A certain amount of suction is required for lime mortars to adhere and stiffen so the exact amount of wetting down is decided by the plasterer’s experience.
On dense or near impervious background, it may be necessary to apply a sand/splatter dash coat to the background to act as a mechanical key.
Where new lime coatings are to be applied to masonry which is salt contaminated, the masonry should be allowed to dry fully before applying new renders. This will allow salt to be detected on the masonry and mortar joint surfaces, if excessive salt is identified clay or lime mortar poulticing may be required. Specialist advice should be sought. Salt contaminates should never be washed from the surface, as this will result in the crystallized salt returning to a soluble state and retreating back into the pores of the masonry or brick. Salts should be brushed from the surface and cleaned away from the structure.
Techniques of Application
New applications of lime harling are generally applied in 2 coats with an approximate thickness 8mm to 6mm respectively, single coats can be applied, but it must be remembered that these thin coats will not have the same durability. The overall thickness will of course be effected by the size and shape of the aggregates used. To replicate a traditional harled finish, the selection of tools used and method of application is essential. The best tools for harling are the purpose made HARLING TROWELS. These tools allow an even spread of material over the whole blade of the trowel, which helps with an even coat of material against the wall. The technique of application requires that a small amount of the lime harling is scooped up with the trowel, and with a flick of the wrist dashed against the wall.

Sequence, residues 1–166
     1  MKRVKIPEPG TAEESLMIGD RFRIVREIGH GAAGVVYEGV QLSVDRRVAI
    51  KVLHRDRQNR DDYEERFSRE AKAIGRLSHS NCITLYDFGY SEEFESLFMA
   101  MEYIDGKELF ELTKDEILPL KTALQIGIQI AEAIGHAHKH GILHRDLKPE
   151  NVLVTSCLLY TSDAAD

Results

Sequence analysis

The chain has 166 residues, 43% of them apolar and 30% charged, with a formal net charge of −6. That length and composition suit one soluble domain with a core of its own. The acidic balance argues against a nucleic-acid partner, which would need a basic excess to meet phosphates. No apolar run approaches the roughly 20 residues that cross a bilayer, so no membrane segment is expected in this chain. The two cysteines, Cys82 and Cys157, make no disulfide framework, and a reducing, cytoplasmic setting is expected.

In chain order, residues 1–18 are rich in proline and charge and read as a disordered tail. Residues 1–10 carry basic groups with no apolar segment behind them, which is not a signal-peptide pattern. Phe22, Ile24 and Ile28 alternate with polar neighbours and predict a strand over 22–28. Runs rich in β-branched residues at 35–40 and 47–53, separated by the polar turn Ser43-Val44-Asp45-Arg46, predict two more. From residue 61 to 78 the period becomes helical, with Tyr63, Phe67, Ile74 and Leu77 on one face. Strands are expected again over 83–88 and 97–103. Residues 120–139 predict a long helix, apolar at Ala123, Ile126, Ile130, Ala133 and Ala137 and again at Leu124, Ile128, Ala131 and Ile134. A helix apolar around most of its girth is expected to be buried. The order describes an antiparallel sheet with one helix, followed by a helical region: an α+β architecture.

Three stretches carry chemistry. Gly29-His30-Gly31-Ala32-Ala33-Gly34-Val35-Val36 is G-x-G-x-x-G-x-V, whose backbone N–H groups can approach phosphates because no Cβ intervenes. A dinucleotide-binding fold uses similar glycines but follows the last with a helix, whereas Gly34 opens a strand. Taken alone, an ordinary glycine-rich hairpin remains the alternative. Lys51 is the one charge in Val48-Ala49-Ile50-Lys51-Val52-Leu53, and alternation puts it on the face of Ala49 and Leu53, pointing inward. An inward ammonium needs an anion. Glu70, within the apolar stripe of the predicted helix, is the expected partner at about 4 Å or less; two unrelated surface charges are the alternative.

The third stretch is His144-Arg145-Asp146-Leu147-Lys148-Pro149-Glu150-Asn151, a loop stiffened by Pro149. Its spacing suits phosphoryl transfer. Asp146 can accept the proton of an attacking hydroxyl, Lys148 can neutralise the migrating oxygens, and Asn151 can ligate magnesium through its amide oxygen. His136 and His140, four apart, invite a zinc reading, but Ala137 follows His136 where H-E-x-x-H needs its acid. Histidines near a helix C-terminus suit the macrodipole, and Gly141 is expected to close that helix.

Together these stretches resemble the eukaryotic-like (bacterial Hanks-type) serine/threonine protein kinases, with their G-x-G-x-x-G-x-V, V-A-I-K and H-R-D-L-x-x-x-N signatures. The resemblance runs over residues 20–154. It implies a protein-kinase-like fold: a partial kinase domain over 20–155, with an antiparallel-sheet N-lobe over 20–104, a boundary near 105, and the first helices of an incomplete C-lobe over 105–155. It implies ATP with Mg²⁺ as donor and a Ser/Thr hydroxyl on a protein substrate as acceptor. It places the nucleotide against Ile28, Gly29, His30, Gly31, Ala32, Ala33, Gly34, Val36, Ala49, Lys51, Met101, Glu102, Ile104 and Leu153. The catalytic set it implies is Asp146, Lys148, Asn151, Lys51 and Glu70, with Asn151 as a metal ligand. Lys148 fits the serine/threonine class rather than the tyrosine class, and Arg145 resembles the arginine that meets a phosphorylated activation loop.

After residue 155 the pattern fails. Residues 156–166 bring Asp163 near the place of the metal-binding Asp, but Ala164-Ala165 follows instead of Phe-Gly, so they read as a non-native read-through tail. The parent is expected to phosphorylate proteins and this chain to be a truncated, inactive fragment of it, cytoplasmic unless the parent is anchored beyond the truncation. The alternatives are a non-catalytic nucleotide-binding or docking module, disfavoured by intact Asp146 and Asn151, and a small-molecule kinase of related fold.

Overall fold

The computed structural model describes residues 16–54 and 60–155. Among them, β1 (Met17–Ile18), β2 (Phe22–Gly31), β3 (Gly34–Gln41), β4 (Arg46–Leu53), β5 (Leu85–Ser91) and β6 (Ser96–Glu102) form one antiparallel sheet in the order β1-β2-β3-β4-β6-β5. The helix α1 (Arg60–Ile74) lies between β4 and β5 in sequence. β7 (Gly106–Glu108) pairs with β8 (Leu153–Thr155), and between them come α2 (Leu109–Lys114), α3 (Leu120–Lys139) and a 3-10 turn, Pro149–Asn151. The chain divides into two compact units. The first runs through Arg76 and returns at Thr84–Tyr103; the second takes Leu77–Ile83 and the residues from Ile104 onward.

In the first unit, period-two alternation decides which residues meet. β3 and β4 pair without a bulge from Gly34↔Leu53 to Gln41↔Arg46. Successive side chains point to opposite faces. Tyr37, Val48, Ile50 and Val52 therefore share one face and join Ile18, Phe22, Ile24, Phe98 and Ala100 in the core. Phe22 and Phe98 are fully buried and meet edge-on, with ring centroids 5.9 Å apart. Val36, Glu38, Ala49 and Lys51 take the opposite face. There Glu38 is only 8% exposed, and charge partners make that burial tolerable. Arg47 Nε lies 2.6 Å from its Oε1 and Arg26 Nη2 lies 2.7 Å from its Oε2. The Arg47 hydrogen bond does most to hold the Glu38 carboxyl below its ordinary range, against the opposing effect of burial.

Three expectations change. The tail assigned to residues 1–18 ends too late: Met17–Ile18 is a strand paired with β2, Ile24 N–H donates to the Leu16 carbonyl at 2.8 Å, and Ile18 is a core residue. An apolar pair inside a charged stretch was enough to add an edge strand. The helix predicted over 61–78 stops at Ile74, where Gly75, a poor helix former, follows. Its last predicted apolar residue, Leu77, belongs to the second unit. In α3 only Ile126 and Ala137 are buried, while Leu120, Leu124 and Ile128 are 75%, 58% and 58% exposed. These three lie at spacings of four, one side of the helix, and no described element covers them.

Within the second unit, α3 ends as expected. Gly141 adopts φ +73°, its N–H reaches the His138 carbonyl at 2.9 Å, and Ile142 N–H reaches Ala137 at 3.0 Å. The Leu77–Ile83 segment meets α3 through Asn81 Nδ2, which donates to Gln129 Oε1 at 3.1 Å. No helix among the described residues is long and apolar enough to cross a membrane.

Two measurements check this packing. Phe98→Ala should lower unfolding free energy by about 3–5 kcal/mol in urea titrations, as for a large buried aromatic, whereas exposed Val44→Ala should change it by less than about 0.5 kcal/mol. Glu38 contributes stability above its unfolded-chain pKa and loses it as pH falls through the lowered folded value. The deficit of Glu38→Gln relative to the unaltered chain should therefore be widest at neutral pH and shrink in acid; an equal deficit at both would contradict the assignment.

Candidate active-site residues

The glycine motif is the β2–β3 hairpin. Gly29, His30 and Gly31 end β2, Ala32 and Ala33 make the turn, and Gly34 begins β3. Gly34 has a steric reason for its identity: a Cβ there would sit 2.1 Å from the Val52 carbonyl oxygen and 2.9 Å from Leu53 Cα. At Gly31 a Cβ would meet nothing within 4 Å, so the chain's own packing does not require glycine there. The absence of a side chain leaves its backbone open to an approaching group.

This method requires a degree of practice to achieve an even material thickness. Forehand and backhand casting techniques will allow difficult and awkward areas to be reached and ensure total coverage. Variation of texture and pattern are typical of traditional harled finishes and are an indication of different casting techniques and style of tradesman’s personal preference. Machine applied sprayed finishes have been introduced into lime finishing, and although their performance is technically sound, the finished work bears little resemblance to a traditional finished harl.
Harling up to Details
Where details such as stone quoin of window dressing are encountered, which stand proud, the harling can be tucked neatly behind the finished edge, this will protect against water penetration, where stone details have no distinct edge the harling can be feathered out, this can be achieved by using progressively thinner material.
It is generally considered that there are 2 distinct styles of finish to lime harling, the first style is the “as cast” style, where the material is simply left as cast onto the masonry without any further adjustments, the second style is a flatter finish in which the cast harling is pressed back against the wall with the aid of a timber float to even out the surface. Both styles are traditional and choice of finish should follow existing examples.
Health and Safety
Harling by its nature of application carries a risk factor, and therefore personnel should wear protective equipment, particular attention to be given to EYE AND SKIN PROTECTION.